Today was the day that the Arctic sea ice extent of the NSIDC reached a new record low, since the previous record in 2007. The picture shows the observed sea ice extent (see the record in 2007), it is not updated with the recent record but as of today the black line should go lower than 2007. (The figure and full legend can be found at NSIDC).
This is of course important news, and the environmental journalist George Monbiot argued that this “disperses another belief: that the temperate parts of the world – where most of the rich nations are located – will be hit last and least, while the poorer nations will be hit first and worst.” He also points to a recent paper in Geophysical Research Letters, which “shows that Arctic warming is likely to be responsible for the extremes now hammering the once-temperate nations.”
The paper is: Francis, J. A. and S. J. Vavrus (2012), Evidence linking Arctic amplification to extreme weather in mid-latitudes, Geophys. Res. Lett., 39, L06801, doi:10.1029/2012GL051000.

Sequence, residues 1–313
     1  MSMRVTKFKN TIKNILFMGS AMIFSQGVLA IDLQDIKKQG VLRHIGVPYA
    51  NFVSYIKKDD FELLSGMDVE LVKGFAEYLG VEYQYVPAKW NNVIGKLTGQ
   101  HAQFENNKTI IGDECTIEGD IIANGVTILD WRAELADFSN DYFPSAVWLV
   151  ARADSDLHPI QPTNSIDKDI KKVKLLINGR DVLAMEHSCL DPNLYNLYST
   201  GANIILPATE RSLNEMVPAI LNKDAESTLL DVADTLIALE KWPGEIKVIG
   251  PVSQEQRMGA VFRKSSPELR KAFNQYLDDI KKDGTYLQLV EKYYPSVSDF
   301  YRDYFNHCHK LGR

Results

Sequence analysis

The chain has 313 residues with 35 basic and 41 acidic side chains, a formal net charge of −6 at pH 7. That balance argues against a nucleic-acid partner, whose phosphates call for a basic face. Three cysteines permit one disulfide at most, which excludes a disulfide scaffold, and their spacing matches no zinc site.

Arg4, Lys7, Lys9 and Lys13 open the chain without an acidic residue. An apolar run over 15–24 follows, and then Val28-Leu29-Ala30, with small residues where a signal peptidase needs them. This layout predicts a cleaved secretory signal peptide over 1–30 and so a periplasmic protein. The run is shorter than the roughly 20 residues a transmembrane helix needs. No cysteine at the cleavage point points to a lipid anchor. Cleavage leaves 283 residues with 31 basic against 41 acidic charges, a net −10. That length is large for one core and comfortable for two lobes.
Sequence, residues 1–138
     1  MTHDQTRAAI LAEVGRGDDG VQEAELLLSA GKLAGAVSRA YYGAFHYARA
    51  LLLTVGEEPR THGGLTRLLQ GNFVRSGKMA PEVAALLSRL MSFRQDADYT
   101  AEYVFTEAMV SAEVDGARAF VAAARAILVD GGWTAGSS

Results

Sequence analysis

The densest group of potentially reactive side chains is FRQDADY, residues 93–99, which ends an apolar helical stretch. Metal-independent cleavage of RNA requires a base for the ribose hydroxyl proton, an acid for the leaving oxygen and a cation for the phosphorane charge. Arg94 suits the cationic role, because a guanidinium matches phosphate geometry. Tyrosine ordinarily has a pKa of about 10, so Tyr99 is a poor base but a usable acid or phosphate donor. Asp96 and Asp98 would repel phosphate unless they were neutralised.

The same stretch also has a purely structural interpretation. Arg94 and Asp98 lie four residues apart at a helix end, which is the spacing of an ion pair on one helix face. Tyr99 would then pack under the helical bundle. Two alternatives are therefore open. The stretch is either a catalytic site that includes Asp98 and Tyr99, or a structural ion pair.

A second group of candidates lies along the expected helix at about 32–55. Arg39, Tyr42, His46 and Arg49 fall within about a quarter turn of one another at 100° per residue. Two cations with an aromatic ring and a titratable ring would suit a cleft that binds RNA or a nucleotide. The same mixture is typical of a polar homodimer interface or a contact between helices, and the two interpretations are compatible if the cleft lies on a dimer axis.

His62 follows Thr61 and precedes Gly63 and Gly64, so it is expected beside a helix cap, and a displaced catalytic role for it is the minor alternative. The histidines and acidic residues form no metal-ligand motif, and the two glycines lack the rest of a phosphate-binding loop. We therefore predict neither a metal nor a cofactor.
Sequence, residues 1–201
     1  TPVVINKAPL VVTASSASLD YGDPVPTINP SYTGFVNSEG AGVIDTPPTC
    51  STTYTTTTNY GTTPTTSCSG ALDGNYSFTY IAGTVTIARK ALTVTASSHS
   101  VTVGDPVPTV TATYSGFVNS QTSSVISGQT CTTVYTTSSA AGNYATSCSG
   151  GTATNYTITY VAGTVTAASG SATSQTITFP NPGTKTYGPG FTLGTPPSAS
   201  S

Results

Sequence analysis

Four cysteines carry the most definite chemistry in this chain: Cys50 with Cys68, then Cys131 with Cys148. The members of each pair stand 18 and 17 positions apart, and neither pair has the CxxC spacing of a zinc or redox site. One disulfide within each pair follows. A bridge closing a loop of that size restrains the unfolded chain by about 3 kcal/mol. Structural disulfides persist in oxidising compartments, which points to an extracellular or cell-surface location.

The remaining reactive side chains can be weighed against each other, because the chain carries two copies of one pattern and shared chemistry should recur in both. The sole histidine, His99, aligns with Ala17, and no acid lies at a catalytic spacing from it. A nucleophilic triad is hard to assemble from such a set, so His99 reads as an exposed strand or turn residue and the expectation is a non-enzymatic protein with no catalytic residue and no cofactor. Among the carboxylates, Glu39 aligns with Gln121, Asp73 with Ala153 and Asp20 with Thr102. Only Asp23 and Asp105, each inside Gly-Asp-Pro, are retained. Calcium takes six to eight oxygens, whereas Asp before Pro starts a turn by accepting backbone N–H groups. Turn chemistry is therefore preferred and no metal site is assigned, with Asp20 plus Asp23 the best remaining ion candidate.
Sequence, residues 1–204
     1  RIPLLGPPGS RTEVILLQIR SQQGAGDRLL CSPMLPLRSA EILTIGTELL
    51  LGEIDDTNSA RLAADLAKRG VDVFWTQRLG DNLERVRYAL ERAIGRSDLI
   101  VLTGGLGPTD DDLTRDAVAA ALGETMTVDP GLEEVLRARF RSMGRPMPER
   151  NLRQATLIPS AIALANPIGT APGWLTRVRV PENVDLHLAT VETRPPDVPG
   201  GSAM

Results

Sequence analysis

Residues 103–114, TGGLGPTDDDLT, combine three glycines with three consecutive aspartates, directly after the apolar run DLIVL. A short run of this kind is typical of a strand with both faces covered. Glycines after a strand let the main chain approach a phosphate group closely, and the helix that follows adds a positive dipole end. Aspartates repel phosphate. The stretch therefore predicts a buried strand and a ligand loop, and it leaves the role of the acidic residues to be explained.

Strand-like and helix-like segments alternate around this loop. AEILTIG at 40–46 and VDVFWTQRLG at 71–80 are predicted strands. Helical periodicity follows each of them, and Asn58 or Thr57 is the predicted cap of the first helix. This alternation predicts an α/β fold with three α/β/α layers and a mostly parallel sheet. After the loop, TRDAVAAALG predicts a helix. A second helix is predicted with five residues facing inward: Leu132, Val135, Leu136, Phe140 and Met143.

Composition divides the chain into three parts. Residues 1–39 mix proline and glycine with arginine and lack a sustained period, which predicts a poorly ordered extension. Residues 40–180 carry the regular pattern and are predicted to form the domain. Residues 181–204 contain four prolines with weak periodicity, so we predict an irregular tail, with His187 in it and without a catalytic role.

Jennifer Francis recently gave this presentation at the Weather and Climate Summit, where she explains her findings. It is a really good presentation that explains the findings in an accessible way (sometimes the language is somewhat technical, which is understandable since it is aimed at the target audience of the summit, i.e., television weathercasters and meteorologists)
The presentation is about 60 minutes long, followed by a Q&A session.
This is Jennifer Francis’ biography at the Weather and Climate Summit website:
Jennifer Francis | Research Professor | Rutgers University
Jennifer Francis earned a B.S. in Meteorology from San Jose State University in 1988 and a PhD in Atmospheric Sciences from the University Washington in 1994. As a professor at Rutgers University since 1994, she taught courses in satellite remote sensing and climate-change issues, and also co-founded and co-directed the Rutgers Climate and Environmental Change Initiative. Presently she is a Research Professor with the Rutgers Institute of Marine and Coastal Sciences and studies Arctic climate change and Arctic-global climate linkages with ~40 peer-reviewed publications on these topics. During the 13 months from July 2009-July 2010, her family of four spent a year sailing through Central America. She and her husband circumnavigated the world in a sailboat from 1980-1985, including Cape Horn and the Arctic, which is when she first became interested in Arctic weather and climate.